I posted this blog over on Elevensies yesterday, but wanted to include it here because of thematic overlap.
Over the holidays, we become more aware of some of the material needs around us that often go unmet during other times of the year. In part, the weather turning cold makes us think about people experiencing homelessness or those too poor to afford heating or winter coats. In part, the gifting culture of the holidays makes us think of people who, for various reasons, won’t receive physical gifts.
For Christians, Thanksgiving and Christmas make us more keenly aware of the generosity of God and our debt of gratitude to him. When we remember all God has done for us, we want to say thank you, and we see a way to do that by extending some of that generosity to others.
I hear from parents with younger children that it can be challenging to find ways for their kids to serve and give. They want to offer them that experience, but their age or capacity limits them. To that end, here are 5 ideas to help kids be generous.
1. Have your kids sort through and select gently used toys they don’t use to donate.
These should still work, have all their parts, and be made of a material that cleans (no stuffed animals).
Some people argue that secondhand toys sends a message of secondhand status. I tend to think that having a conversation about offering good toys that a child either does not play with or is simply willing to part with can convey that the recipient of the toy deserves something good. I also think kids can discuss that they are not just cleaning out their closets to make room for more toys of their own. What do you think?
2. As one of their presents, let kids pick one thing from a non profit’s Gift Catalog.
Heifer International, World Vision, and others create great gift catalogs full of pictures and stories about how those gifts help others. Wrap the catalog, and when your child opens the gift, tell them that they can choose anything they want inside to give to a family around the world. They might pick their favorite animal, or a school uniform. Most of the ‘big ticket’ items can be purchased in part– a share of a clean water well or a share of a cow.
3. Collect change in a jar to give to a cause.
Since the goal is to help inspire generosity more than it is to give big amounts, a simple change jar can be a visual reminder to give just a little bit each day. You could pick a cause ahead of time or let them choose it once the jar is full–whichever they would enjoy more. Help kids earn more for their jar by offering them the opportunity to do a chore. Or, let them make a trade; if they will drink water with dinner instead of juice, you’ll give them the juice money for their jar. Even better, make some trades yourself to show your support, like the money you would spend on a latte. Can give up the java? Match its price instead.
4.Build a shoebox together with Operation Christmas Child*.
These simple shoebox gifts are delivered to children around the world, and are often the only present they get. Boxes can include small toys as well as toiletries and be made for kids of all ages. You child might like making a box for a kid their same age and or gender, or they may like picking a different age or gender. But let them pick and go shopping with you to fill their box. Also, you can now track your box online and see where it goes!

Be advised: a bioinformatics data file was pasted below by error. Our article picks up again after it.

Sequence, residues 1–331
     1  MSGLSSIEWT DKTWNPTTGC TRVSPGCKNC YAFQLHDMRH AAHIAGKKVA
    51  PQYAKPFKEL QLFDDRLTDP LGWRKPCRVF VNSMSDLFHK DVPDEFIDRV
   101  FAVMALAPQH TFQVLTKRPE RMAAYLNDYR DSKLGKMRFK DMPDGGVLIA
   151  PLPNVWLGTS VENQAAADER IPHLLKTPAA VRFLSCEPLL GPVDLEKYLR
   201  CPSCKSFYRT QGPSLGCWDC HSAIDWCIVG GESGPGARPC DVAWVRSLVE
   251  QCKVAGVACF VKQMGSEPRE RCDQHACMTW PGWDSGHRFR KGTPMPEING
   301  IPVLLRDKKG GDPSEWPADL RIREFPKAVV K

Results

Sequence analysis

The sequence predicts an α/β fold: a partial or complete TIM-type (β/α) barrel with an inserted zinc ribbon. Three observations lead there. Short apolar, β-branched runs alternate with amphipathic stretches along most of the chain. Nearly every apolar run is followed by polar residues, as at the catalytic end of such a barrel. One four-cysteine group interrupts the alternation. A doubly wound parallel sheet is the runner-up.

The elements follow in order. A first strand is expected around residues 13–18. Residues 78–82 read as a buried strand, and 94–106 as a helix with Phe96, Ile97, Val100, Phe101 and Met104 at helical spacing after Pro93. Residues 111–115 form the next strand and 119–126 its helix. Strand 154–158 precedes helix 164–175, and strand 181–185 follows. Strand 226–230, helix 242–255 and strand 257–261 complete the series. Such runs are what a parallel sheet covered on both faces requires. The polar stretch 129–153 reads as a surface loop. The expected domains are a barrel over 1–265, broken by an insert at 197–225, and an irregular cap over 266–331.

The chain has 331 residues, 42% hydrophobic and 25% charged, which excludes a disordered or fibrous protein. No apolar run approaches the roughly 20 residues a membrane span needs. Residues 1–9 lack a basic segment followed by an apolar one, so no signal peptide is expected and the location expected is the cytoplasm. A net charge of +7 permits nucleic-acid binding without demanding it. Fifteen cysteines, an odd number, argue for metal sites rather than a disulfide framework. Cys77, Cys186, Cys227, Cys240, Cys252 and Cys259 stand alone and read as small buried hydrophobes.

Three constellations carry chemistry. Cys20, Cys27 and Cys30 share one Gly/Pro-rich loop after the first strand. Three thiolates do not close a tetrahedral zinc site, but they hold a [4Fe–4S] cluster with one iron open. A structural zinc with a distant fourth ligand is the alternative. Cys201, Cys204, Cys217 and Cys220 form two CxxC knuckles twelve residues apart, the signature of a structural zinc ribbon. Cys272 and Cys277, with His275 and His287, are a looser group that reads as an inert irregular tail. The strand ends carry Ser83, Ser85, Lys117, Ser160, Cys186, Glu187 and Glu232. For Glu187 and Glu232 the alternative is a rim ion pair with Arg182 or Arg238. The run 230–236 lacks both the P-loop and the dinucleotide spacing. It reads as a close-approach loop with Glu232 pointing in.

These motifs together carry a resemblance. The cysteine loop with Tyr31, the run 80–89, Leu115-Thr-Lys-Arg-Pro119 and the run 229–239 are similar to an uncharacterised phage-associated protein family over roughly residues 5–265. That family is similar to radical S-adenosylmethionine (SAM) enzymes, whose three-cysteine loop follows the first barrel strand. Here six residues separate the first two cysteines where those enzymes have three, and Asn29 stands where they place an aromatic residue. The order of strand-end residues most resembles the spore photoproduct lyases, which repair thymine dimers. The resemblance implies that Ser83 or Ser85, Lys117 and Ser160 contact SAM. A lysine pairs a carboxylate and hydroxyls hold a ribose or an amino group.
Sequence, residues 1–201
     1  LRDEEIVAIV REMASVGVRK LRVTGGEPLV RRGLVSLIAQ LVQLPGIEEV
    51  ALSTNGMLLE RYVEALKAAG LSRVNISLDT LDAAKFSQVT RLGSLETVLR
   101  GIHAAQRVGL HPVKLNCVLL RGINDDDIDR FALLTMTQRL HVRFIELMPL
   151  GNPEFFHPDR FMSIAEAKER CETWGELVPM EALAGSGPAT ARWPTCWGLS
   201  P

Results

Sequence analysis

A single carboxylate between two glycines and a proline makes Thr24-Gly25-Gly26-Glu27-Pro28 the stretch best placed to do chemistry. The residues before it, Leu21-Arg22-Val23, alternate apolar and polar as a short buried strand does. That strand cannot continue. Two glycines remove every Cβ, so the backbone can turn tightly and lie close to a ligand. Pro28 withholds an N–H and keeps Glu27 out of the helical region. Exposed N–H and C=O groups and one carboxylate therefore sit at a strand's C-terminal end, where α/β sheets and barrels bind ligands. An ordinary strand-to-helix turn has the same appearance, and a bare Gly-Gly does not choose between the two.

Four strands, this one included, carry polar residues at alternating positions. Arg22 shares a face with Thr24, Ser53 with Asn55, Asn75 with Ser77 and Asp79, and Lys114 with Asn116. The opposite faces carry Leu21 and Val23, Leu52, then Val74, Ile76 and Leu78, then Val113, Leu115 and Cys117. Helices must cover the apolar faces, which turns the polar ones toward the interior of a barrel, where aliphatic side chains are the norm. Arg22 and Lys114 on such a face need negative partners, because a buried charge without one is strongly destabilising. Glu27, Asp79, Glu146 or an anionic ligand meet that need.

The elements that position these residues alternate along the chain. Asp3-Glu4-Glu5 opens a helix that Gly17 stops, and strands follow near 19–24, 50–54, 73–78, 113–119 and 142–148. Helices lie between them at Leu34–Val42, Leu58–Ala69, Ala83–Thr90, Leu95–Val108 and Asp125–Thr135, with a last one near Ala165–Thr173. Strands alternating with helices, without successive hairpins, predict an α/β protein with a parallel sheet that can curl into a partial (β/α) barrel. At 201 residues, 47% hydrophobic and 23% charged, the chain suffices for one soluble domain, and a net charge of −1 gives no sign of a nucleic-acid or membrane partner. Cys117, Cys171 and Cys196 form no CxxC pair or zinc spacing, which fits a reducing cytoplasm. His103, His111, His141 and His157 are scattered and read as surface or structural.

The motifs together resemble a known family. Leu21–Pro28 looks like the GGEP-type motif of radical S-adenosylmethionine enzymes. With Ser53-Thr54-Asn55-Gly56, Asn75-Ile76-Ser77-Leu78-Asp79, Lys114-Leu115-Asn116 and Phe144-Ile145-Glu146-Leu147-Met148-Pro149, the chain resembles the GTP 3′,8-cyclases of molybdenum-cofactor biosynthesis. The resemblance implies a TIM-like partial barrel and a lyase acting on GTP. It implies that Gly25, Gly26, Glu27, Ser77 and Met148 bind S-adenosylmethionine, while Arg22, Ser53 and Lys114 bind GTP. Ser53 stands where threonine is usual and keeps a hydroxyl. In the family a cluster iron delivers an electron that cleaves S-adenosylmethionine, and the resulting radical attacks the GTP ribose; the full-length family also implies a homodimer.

*Because the boxes arrive for Christmas, they need to be made by mid November. If you miss the deadline, here’s a similar idea:
4b. Create goodie bags with toiletries for people experiencing hunger or homelessness.
Take your kids to shop for and assemble bags of travel sized toiletries. These bags can also include notes or drawings inside. (If you have ever been conflicted about what to give someone who is begging, and wanted to do something, this might be a good answer. It is practical and important, can be too expensive for that person to purchase, and does not take up much space in your car.) See this link for suggestions of what is helpful.
5. Buy a gift and gift card for a family with a child fighting cancer.
Admittedly, this is not as participatory for a child. But kids often connect with causes that effect other kids. There are families whose holiday season is colored by the disease their child has, by appointments and treatments and side effects. In they midst of that, a gift helps them know that they are remembered.
Kate’s Crazy Christmas, which celebrates Kate’s birthday on 12/26 and Christmastime together, is just one version, but a Google search will yield others. I recommend Kate’s Christmas because I know the gifts are responsibly managed. Full info on Kate’s Crazy Christmas will be up soon at PrayForKate.com
6. Ok, this one takes work, so it’s a bonus for those who like this kind of thing. Turn a simple canned good donation into a Canstruction Contest!
Let kids build with canned goods that you’ll donate to your local food bank. They can google for ideas or create something all their own. A few things to note: many of the images on Google take a lot of cans, but could be done in miniature. Canned goods are also a great donation to food banks because they are heavy. Food banks often have access to items on discount, but they pay by weight. When you give cans, that frees them up to buy lighter items, like rice or dry beans, and get even more bang for their buck. Lastly, don’t take the labels off during construction; they’ll need to know what is in there!
What do you do at the holidays (or year round) to help kids learn about poverty, generosity, and helping others?